The second was April 17, at Los Angeles, in the middle of a back-to-back-to-back, where the big three had to convince Pop on the plane to let them play. They were eager to get the rotten taste out of their mouths after the Lakers punked them at home six days prior, with Andrew Bynum in particular beasting them to the tune of 30 rebounds. I think it goes without saying that had the Spurs won that earlier game, or maybe even had a more respectable showing, that the fellas would've taken that roadie off to rest.

Parker came out like a man possessed in the return engagement, exploding for 19 first half points, most of them coming on long twos off the pick and roll where Bynum couldn't get out to him in time. Eventually Duncan and Ginobili joined in the fun and Parker started exploiting the Lakers adjustments and finished the game with 29 points and 13 helpers in a 112-91 rout. That was only the fourth of what is now a 20-game winning streak, but to me that was the night the Spurs announced to the world that they were serious contenders for a ‘chip; not just for the way they dominated their supposed kryptonite Lakers, but because that was the first time Pop gave DeJuan Blair a DNP-CD in favor of giving Splitter and Diaw more run.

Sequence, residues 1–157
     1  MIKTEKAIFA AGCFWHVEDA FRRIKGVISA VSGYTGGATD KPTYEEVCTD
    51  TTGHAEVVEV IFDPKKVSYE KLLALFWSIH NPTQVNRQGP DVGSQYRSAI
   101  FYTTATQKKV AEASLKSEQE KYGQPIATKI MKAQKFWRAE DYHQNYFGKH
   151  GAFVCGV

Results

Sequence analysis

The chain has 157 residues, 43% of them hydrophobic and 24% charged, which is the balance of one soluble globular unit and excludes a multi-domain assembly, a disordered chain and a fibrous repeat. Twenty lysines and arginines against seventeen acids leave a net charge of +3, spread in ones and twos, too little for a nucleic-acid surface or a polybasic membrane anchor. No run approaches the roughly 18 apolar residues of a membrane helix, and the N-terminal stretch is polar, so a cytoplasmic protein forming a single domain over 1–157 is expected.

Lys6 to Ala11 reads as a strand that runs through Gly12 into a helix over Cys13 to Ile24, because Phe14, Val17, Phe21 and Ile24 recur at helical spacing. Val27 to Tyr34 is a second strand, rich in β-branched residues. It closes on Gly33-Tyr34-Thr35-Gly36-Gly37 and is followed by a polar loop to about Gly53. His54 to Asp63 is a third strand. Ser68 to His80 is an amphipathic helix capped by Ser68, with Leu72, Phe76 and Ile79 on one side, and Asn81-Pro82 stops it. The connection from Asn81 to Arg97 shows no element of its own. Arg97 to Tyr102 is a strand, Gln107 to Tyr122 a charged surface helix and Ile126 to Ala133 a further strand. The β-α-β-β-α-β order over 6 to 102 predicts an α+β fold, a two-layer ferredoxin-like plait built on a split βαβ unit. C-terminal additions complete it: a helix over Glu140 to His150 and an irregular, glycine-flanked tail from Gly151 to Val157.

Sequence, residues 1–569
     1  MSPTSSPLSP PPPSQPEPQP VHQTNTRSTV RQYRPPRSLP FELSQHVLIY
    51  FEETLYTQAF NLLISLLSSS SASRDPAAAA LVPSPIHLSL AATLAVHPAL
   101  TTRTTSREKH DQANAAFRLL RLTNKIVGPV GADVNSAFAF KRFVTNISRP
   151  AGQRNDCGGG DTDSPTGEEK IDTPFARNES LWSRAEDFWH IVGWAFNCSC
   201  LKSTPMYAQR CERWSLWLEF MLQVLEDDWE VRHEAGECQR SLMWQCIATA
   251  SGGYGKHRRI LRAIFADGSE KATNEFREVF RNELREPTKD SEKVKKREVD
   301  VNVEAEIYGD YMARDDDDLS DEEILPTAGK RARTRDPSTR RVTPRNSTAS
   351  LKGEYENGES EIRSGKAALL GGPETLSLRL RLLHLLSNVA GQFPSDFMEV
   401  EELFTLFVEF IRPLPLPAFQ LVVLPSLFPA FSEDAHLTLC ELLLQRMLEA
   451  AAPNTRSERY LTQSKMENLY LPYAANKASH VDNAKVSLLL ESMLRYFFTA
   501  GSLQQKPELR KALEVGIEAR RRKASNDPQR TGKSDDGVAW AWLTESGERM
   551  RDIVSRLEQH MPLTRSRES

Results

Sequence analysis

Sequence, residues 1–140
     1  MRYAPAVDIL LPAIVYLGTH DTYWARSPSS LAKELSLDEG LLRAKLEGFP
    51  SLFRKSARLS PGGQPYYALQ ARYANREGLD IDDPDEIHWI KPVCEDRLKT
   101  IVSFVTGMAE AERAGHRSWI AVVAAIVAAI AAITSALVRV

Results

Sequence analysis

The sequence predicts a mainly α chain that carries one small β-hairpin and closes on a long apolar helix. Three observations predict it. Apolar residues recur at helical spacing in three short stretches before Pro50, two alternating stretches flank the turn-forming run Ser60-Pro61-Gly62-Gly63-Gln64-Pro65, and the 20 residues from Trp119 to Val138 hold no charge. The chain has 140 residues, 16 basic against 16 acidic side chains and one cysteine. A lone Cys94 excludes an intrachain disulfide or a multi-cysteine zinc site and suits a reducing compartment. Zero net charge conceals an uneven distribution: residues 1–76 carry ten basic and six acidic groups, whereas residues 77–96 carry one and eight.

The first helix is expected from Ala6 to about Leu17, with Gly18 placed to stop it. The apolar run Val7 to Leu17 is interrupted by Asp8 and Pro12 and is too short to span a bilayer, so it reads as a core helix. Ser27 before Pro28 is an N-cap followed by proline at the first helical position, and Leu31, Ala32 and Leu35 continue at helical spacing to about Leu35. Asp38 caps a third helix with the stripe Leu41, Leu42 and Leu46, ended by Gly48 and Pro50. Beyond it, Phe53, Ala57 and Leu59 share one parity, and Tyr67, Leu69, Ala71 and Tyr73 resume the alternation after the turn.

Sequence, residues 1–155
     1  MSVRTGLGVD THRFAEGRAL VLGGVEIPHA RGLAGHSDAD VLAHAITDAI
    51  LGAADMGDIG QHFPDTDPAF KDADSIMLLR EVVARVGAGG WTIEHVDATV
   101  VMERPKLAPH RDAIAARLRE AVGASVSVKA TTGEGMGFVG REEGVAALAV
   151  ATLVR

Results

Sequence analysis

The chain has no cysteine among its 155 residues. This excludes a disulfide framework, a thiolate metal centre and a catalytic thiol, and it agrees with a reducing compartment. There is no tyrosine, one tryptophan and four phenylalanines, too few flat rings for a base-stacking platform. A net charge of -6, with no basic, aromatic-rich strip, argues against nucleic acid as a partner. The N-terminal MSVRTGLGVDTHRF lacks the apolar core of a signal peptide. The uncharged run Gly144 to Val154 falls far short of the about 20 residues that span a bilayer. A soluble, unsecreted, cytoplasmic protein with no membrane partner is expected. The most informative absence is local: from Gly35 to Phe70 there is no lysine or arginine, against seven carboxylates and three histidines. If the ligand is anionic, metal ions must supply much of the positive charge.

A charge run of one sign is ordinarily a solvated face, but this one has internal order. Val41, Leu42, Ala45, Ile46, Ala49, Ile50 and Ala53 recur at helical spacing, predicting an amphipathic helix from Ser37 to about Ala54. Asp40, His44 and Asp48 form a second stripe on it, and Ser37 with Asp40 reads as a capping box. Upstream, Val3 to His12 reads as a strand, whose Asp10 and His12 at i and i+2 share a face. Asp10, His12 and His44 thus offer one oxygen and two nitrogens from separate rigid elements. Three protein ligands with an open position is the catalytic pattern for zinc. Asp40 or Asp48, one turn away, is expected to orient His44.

The twentieth game

Anyway, back to last night. I have been patiently waiting for the Spurs to break out an "A" game for a good long while. It hadn't happened since Game 2 of the first round against Utah (a game I attended and I have to admit it lost some luster for me because Ginobili scored a whopping four points). You could argue that they came close to that standard for the final three quarters in game 3 against the Clippers, when the score was 85-51, but it's still hard to call the performance an offensive masterpiece when they managed only 96 points and shot 46 percent overall.

After increasingly nervier games at LA and the first one vs. OKC, I woke up yesterday morning thinking, "Man, it'd sure be nice to have a blowout so we wouldn't have to sweat out a fourth quarter."